Patricia Lacey — a true changemaker and champion for corporate diversity and equity

“CHANGE agent” is the only phrase that aptly describes the enigma of Patricia Lacey, the outgoing talent and leadership development manager at Red Stripe.

As her incredible 30-year journey ends she reflects on her time as a driver of change at one of Jamaica’s most prolific brands, and looks to her next chapter of life.

“At the end of 2022 I retire from Red Stripe. My tenure has been quite enriching and interesting. My passion for growing and developing talent has flourished here, and my capacity has grown immensely,” she asserted.

Lacey, who hails from Albert Town, Trelawny, graduated from Knox College and later The University of the West Indies with a degree in chemistry. She then started her career as a teacher at the Wolmer’s Boys’ School, where she spent six years. In 1990 Lacey decided to put her degree in chemistry into practical use in the alcohol industry as a lab technician at Red Stripe, and has remained at the company ever since.

“After spending some time in the technical side of the business in the lab, I got an opportunity to move into the HR department as a technical training officer. It may seem like an unlikely switch but I welcomed it as a chance to combine my interest in teaching with the technical experience I had gained in the lab. From there I was able to grow personally and professionally and eventually assume a management-level role.”

Identifying the nuances of educating adults became her passion, and she dedicated years to mastering the art of human capacity development within Red Stripe. “I already had the science and technical background; however, there’s a philosophy around how you train adults instead of children. I did a master’s in human resources to build my capabilities to match the responsibilities of my role in the HR department. I wanted to ensure I could teach and lead effectively.”

Lacey’s notable accomplishments at Red Stripe include implementing systems to transform HR operations and significantly improve efficiency. However, of the many projects she has been involved with during her career, she lists spearheading Red Stripe’s Diversity, Equity and Inclusion (DEI) programme among the most memorable.

Lacey beamed as she explained how a deeper understanding of diversity, equity and inclusion dynamics is necessary for the workplace to function optimally. “Diversity refers to how people differ regarding gender, race, age and experiences. Inclusion is about working together to make sure that persons, despite their differences, can contribute to the business and business goals. A holistic DEI strategy promotes the notion that even though everyone will have a different perspective, diverse views empower us to come up with the most innovative and creative solutions to any problem.

“Red Stripe’s DEI strategy enabled us to embrace diversity and new ways of thinking further. Doing so contributes to increased mutual respect and building a safe space to maximise all team members’ personal and professional development. It is both the practical and right thing to do. We started the process by conducting company-wide surveys to gather male and female perspectives on the issues of trust and development; this feedback helped to guide our priorities. From there, we conducted DEI training for employees with experienced facilitators, using materials built on industry best practices. We have already received positive feedback from staff members on the impact of these deliberate efforts towards inclusion. I believe Jamaican organisations of all sizes can benefit from taking a similar approach to human development”, Lacey further explained.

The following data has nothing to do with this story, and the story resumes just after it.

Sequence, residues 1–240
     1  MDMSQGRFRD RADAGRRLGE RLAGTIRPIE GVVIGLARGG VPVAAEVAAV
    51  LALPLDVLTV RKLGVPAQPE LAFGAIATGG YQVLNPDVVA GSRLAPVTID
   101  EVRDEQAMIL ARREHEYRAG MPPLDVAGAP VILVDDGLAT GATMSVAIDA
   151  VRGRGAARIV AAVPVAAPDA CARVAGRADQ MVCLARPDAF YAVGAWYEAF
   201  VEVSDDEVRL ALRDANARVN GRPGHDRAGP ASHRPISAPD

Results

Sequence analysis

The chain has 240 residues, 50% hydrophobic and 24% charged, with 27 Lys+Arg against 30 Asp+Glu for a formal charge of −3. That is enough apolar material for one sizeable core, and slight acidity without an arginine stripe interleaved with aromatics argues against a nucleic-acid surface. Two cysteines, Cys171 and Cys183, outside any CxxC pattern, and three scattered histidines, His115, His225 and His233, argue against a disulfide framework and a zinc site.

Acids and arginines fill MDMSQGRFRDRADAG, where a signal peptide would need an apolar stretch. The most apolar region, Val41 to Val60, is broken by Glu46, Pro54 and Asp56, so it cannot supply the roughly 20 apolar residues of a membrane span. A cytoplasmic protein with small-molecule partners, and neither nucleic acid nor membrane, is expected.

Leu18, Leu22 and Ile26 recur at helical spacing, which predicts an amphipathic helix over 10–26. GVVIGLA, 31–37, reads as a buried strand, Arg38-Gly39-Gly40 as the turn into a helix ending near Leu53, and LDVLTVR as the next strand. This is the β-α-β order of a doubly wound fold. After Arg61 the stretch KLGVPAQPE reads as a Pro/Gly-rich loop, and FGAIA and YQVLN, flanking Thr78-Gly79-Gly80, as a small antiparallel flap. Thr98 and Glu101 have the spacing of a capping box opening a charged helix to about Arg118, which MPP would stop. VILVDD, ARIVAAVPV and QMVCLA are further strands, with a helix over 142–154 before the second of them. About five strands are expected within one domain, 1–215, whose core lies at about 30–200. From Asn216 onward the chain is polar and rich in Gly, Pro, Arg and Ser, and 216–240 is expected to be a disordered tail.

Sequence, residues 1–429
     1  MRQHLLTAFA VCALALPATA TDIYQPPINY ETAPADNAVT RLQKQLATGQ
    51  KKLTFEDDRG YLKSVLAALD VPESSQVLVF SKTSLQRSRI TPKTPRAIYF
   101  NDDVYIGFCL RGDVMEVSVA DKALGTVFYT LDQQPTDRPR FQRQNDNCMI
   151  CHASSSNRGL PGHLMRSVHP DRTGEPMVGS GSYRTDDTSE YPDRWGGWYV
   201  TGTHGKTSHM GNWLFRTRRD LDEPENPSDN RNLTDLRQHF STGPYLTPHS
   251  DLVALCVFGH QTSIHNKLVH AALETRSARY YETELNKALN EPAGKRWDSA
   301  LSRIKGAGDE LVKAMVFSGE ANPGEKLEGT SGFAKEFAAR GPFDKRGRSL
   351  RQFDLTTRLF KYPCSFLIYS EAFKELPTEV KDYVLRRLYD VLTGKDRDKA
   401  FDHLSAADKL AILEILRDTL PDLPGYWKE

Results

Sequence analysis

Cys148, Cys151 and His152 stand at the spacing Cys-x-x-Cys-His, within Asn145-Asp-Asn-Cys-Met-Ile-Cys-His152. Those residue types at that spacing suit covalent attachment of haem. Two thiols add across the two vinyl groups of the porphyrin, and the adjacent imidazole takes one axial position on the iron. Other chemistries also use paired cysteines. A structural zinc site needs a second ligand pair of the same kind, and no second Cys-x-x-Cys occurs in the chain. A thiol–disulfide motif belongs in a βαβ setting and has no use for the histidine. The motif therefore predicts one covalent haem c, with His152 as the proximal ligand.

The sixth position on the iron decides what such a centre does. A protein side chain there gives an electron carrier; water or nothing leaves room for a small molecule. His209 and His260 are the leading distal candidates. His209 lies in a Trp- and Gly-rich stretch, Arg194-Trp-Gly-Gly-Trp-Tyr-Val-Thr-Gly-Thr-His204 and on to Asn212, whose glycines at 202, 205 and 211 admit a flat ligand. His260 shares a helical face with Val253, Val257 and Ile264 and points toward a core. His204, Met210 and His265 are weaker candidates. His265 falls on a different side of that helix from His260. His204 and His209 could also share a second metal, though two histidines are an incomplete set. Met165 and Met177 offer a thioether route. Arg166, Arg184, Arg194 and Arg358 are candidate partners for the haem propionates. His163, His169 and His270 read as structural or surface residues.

Lacey shared a nugget of wisdom for companies seeking to embark on their own DEI programme. She asserted, “Developing a DEI strategy is essential for employee engagement and, ultimately, the future success of all companies in this ever-changing world. Creating and implementing such a strategy is not easy; it is a process. However, just like many things in life, it is not about the destination but the journey. DEI is an ongoing journey and will not conclude when I leave, but I am happy to have started this transformation and led the department in 2020. I know it will bolster the company’s success for years.”

Although Lacey retires at the end of 2022 she will not be slowing down. Instead, she looks forward to leaving her mark on her direct and extended community. Lacey’s plans include supporting students preparing to take the Primary Exit Profile (PEP) in 2023. “Retirement has presented an excellent opportunity to volunteer my time to help the next generation and provide guidance and support to shape their growth and development positively,” she said.

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